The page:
Symbols used in Headings

The name of a plant is at the top of a page and in the case of plants in the UK has symbols next to it and example would be:

Gentiana verna   Spring Gentian RR DD N


The first symbols using RR denote rarity. I use the system in Professor Clive Stace's books New Flora of the British Isles Edition 3 published in April 2010. Updating the rarity symbols began on April 18th 2010 but will not be complete for a year or so.

R - Uncommon. Plants found in not more than 250 of the 3859 10x10 km grid squares of an OS map (about 6.5%).

This does not rule out a high local concentration within a square though. To give an example Limosella aquatica (Mudwort) is a rare plant and so rates theRR symbol but in a good year around the edge of the reservoir where the plant illustrated was found there were so many thousands that it was not a rare in the accepted sense. This plant likes to populate the muddy edges of ponds, lakes and particularly reservoirs in late summer so would only be found where these conditions prevailed. There aren't large numbers of 10x10 km square with Limosella aquatica in them but where it is present it can be abundant with literally millions of plants to be found.

RR Plants found in not more than 100 of the 3859 10x10 km grid squares of an OS map (about 2.5%).

RRR Plants found in not more than 15 of the 3859 10x10 km grid squares of an OS map (about 0.3%).

This RRR symbol also denotes rarity and vulnerability and these plants are listed in the Schedule of protected Plants part of the Wildlife and Countryside Act of 1981. I also use the symbolRRR to denote very rare and vulnerable plants which aren't in Stace's excellent books but ought to be classifiedRRR . He doesn't list all Hieracia, Rubus or Taraxacum for instance so rare plants of these genera aren't classified.

Find list of 1981 Act plants here.

Common Plants

This is the opposite of rarity. Just as some plants are very rare and vulnerable some are as common as muck. Gardeners usually classify wild plants which have colonised their flower beds as weeds. There have been many occasions when puzzled passers-by have asked why I'm photographing weeds. You can try explaining that weeds are just wild plants which are successful colonisers of any empty space with a bit of soil but you'll usually be met with an incomprehensible look.

A rose in a cabbage patch is a weed. A cabbage in a rose garden is a weed. Cabbages and roses which have escaped by natural means (i.e. not planted) into the countryside are wild plants albeit not native wild plants.

A plant with aC symbol is found here and there. It might be common in one part of the country and not in another but exists in many more than 100 of the 10 km squares. Most countryside plants like Primula vulgaris (Primrose) or Hyacinthoides non-scripta (Bluebell) would have this symbol.

A plant with aCC symbol might be very common but still not quite in every square whileCCC is the dead opposite ofRRR . You can find this plant almost anywhere except perhaps at the top of a mountain in the Cairngorms.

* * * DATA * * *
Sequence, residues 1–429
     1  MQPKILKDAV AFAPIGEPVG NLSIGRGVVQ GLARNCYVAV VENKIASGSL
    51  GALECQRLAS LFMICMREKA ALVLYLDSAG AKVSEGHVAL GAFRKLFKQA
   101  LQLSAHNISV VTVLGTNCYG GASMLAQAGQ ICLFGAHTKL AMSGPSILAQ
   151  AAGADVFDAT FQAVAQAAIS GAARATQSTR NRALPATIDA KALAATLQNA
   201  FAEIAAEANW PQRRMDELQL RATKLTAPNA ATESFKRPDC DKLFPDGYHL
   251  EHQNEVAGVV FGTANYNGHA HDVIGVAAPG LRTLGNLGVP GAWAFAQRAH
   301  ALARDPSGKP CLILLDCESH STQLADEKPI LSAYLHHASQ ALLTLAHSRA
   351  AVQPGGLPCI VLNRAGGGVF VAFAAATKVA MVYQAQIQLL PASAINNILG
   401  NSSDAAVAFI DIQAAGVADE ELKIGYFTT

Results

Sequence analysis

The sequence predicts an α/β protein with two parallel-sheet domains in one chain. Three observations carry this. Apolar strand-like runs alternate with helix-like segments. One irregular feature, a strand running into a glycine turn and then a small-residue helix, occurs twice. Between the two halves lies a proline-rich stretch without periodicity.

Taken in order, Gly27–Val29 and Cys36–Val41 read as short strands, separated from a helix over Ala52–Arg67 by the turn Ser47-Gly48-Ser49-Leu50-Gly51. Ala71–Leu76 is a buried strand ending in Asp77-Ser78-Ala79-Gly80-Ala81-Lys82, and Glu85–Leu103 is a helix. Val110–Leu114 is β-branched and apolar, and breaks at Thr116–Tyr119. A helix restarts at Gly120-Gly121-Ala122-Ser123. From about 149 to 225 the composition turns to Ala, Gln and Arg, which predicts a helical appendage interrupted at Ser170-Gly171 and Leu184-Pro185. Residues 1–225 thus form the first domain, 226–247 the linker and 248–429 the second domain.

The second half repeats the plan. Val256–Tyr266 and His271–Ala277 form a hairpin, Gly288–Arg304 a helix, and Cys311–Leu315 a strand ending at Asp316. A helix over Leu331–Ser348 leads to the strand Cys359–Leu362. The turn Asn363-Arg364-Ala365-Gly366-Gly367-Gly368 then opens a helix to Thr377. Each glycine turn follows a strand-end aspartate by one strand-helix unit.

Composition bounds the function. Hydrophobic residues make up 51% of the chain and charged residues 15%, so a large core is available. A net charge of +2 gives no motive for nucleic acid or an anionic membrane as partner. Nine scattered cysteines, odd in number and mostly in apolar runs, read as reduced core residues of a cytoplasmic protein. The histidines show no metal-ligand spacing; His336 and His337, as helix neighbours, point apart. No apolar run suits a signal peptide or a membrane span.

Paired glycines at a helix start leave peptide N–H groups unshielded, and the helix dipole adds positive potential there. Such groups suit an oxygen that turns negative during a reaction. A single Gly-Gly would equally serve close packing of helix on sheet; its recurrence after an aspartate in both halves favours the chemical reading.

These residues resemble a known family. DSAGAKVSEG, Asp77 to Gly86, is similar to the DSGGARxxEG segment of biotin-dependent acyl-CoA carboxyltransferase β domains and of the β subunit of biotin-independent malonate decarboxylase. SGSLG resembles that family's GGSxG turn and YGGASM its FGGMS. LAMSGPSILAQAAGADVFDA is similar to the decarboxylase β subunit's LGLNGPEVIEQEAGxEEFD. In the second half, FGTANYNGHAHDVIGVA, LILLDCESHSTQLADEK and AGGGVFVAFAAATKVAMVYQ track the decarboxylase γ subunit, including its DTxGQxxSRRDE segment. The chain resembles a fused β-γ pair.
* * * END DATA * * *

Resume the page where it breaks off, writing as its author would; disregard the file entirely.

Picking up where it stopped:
Difficulty of Access

The next set of symbols are my own and are a rough indication of how easy or difficult it was to find the plant or how common it is (usually for me). This varies over the country of course. It would be fairly easy to see Primula scotica if you owned a holiday cottage somewhere near Strathay Point where it grows in the thousands but if you live in Kent a major journey would be needed to find it.

So this is merely my own personal experience.

A plant withD beside it was very easy to get to. Such plants would be Stinging Nettle or Daisy. You only have to step to an area of unused land or even into your own garden to find these sorts of plants.

A plant withDD beside it is one you had to walk a small distance to find. If you travelled by car to the limestone areas as I have to, then you would still have to get out and walk into the countryside to see the plants. Most plants will have this rating. Some plants, even with anRRR rating, can be surprisingly easy to get to. An example would be Simethis mattiazzii (Kerry Lily) which is only found on one part of the Ring of Kerry in the Republic of Ireland. You can drive to within 100 metres of this very rare and vulnerable plant although because it's quite small it needs to be sought out.

A plant withDDD is usually very difficult to get to where ever you live. An example would be Saxifraga cernua (Drooping Saxifrage) which grows at the top of a few Scottish mountains so you usually have to climb a Munro before you can even start looking.

You even argue aDDDD rating for special plants like Diapensia lapponica which grows only at the very top of one mountain in Scotland. There are no paths leading to the 2,800 foot summit and you have to start low down not much above sea level. The mountain is frequently shrouded in mist and the flower only opens in sunshine. To add insult to injury it has a short flowering period. This one is extremely hard.